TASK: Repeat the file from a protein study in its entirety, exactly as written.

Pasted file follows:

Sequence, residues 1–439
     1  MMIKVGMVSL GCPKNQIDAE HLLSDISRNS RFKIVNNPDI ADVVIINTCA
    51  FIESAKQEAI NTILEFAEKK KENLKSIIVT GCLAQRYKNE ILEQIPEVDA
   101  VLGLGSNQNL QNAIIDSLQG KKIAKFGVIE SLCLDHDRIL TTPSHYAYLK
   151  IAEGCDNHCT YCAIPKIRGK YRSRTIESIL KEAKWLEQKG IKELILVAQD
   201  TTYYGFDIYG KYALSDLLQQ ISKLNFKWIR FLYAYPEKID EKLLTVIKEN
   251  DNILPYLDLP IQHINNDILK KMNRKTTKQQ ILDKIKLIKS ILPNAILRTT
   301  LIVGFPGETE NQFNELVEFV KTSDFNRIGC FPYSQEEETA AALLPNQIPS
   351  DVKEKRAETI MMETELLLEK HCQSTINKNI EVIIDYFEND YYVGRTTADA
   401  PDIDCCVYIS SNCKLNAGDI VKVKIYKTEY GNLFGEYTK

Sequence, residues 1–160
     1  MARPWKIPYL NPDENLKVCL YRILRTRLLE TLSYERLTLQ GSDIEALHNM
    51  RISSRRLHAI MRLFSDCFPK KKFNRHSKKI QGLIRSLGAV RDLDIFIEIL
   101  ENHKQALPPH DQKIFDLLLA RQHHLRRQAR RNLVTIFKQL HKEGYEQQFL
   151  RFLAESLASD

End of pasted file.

Sequence, residues 1–439
     1  MMIKVGMVSL GCPKNQIDAE HLLSDISRNS RFKIVNNPDI ADVVIINTCA
    51  FIESAKQEAI NTILEFAEKK KENLKSIIVT GCLAQRYKNE ILEQIPEVDA
   101  VLGLGSNQNL QNAIIDSLQG KKIAKFGVIE SLCLDHDRIL TTPSHYAYLK
   151  IAEGCDNHCT YCAIPKIRGK YRSRTIESIL KEAKWLEQKG IKELILVAQD
   201  TTYYGFDIYG KYALSDLLQQ ISKLNFKWIR FLYAYPEKID EKLLTVIKEN
   251  DNILPYLDLP IQHINNDILK KMNRKTTKQQ ILDKIKLIKS ILPNAILRTT
   301  LIVGFPGETE NQFNELVEFV KTSDFNRIGC FPYSQEEETA AALLPNQIPS
   351  DVKEKRAETI MMETELLLEK HCQSTINKNI EVIIDYFEND YYVGRTTADA
   401  PDIDCCVYIS SNCKLNAGDI VKVKIYKTEY GNLFGEYTK

Sequence, residues 1–160
     1  MARPWKIPYL NPDENLKVCL YRILRTRLLE TLSYERLTLQ GSDIEALHNM
    51  RISSRRLHAI MRLFSDCFPK KKFNRHSKKI QGLIRSLGAV RDLDIFIEIL
   101  ENHKQALPPH DQKIFDLLLA RQHHLRRQAR RNLVTIFKQL HKEGYEQQFL
   151  RFLAESLASD